The Jeffersonian: Politicks, Sports, and Culture

Tuesday, June 07, 2005

What Happens Today

As shown by the recent surveyUSA poll, Hardberger still has a (growing) lead, putting to bed all those ridiculous comments about Big Mo' swinging back to Castro. Within the margin of error? Of course. Further evidence this is gonna be a close race? Yup. Edge to Hardberger right now? Definitely.

As the recent spate of Express-News columns (see this post over at Just Another Blog for all the links) has tried to bang us over the head with, this race is going to be close. Carlos Guerra thinks Phil's margin of victory (like how I slipped that in?) could be below 5,000 votes. I think it'll be even closer- say 3,000 votes.

I don't know if anything that Castro has done over the last four weeks of the campaign really helped him. His public plea to Schubert supporters blew up in his face, he went negative too late to gain any traction, and when he did go negative he did so on a issue that was just wrong. You have to make a more compelling case than just a 30-second ads if you're attacking the base of an opponent's strength (as an aside, how Rovian was this? It's like his '94 attack on Richard's diversity or his attack on Kerry's military serivce. Not as effective as these two, but you've gotta admire where Castro was coming from). Plus, Castro's campaign should have seen all angles of this attack. Susan Reed effectively neutralized this attack. A better response for Castro would have been if he had made a 30-second testimonial talking about how his campaigns are about the future of San Antonio, not the petty, partisan politics of the past that *ahem*you have forsaken.

On the other hand, Hardberger's run-off campaign effectively sealed his status (for me, at least) of the sort of public servant that we should all hope to have. A person with substantial, bipartisan support who is beholden to no one.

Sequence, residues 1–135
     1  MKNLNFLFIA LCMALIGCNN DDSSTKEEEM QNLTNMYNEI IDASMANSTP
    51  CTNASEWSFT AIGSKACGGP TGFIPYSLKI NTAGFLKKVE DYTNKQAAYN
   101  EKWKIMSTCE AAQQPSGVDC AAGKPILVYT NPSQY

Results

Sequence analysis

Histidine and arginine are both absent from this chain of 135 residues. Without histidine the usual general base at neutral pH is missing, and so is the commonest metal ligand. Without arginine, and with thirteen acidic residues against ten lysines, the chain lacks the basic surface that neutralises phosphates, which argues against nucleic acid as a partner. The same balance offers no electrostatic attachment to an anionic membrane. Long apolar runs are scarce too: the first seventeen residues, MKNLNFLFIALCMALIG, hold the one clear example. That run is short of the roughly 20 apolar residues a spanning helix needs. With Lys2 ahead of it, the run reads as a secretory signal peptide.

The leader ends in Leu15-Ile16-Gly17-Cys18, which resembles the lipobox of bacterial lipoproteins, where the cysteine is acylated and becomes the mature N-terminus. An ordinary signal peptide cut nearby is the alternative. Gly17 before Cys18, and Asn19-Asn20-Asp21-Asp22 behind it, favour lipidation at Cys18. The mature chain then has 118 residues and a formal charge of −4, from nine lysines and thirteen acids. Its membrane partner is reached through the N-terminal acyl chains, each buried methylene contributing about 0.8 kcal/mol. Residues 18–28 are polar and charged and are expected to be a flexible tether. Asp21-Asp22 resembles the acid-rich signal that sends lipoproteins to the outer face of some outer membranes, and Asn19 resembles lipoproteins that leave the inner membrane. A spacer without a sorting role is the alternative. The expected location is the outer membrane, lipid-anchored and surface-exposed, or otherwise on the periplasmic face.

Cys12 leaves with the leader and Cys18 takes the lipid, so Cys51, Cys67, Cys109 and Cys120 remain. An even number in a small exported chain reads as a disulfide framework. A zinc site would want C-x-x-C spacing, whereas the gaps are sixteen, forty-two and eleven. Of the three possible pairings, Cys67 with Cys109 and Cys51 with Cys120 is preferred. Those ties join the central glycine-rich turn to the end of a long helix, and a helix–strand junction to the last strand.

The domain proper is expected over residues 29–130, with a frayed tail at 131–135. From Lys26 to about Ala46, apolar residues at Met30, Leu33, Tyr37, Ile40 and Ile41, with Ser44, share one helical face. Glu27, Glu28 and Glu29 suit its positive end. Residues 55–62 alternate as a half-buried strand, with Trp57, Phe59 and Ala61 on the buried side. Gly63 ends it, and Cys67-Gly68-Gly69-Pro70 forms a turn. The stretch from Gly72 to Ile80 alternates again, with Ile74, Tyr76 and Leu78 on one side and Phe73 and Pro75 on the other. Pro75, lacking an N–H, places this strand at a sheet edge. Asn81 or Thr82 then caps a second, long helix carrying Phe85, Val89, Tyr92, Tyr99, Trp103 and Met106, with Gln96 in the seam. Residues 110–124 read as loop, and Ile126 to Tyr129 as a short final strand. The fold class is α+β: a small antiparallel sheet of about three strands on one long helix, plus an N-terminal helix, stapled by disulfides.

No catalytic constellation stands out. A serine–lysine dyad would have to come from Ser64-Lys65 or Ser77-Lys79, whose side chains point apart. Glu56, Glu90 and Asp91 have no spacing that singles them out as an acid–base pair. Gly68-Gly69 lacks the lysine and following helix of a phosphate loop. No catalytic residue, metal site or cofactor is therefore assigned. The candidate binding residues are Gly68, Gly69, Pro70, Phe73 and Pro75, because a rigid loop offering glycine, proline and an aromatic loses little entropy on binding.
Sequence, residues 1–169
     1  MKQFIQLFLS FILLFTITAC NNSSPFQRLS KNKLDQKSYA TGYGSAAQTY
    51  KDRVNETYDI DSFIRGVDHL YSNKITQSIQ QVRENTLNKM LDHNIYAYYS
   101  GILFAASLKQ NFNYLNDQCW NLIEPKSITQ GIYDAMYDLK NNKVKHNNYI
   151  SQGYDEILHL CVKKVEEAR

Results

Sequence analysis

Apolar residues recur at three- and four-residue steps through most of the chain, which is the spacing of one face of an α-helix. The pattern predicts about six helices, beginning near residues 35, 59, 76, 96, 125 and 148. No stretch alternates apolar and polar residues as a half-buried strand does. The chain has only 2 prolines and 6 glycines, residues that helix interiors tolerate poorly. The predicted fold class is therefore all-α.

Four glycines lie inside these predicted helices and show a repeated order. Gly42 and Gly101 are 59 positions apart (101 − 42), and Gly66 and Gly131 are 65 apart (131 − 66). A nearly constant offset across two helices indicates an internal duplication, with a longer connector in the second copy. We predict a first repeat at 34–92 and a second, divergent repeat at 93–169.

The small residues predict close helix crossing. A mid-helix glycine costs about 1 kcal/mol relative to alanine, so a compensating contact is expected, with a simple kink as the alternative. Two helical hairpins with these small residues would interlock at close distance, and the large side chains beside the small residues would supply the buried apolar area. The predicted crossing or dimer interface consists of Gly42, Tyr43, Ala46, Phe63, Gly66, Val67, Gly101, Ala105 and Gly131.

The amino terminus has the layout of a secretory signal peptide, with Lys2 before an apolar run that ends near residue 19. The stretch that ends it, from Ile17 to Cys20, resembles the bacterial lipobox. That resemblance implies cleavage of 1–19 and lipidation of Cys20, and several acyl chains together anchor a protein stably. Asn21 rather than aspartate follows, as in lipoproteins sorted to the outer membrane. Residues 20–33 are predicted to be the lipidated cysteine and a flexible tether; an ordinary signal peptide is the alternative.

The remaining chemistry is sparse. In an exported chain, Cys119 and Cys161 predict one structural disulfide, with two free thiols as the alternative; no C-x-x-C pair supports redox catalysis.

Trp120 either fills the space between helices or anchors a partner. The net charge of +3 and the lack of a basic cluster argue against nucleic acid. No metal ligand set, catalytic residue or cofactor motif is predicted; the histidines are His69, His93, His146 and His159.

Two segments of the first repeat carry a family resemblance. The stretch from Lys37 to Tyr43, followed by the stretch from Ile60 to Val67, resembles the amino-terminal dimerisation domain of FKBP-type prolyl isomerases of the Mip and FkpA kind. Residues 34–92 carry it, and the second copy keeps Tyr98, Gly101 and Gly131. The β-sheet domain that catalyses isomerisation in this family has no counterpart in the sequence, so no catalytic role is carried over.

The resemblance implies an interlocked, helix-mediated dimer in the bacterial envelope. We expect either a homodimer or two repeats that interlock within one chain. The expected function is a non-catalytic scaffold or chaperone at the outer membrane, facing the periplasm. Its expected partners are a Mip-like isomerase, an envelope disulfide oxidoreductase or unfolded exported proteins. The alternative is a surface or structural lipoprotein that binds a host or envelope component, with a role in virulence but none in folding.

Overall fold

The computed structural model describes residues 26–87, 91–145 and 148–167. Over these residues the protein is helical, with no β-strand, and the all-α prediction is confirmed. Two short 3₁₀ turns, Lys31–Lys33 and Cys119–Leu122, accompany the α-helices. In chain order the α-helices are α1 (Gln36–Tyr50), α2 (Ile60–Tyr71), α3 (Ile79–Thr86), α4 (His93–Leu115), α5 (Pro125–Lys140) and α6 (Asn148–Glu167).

On the horseracin' side, much ado has been made about Castro having a definable base while Hardberger has to rely on the kindness of Schubert supporters. Well, TJ Connolly said the same 'base' thing about Carroll Schubert, and as far as whether or not Schubert supporters come out and support the good Judge, let's look at it mathematically. Hardberger has less than 14,000 votes to make up, if Schubert supporters come over to Phil at the 8/9 to 1 margin that surveyUSA is stating, then Hardberger needs 18,000 of Schubert's 30,000+ voters supporters to show up to cancel out Castro's lead.

Look at it another way. When, in the last 10 years, have those voters who could be classified as Schubert supporters not shown up for a major election (heck, any election)? Why would this election be any different?

Having said that, it's put up or shut up time in a few hours. As good as the Castro campaign is on the ground, the Hardberger campaign is its equal. It'll be a tight race, but Phil Hardberger pulls out this win with 51-52% of the vote. Close, but as a certain recent election has shown, the margin of victory doesn't matter. What matters is who gets to sit in the seat.

Update (10:37 am): The Red State will be liveblogging starting this afternoon. Am looking forward to it, go check it out.

Update (6:38 pm): So there was supposed to be a post below this one, same length as this one, with my District 6 and 7 predictions. But alas, blogger has foiled me again. So with less than 30 minutes before the early vote totals come out, here's the quick and dirty version.

In District 6, Ray Lopez eeks by, by the sheer size of his warchest in relation to everyone else he has ran against. In District 7, Elena Guajardo takes a solid victory (around 55% of the vote) due to her unique ability to combine an impressive fundraising ability (with very little developer support nonetheless) with a very, very good ground game.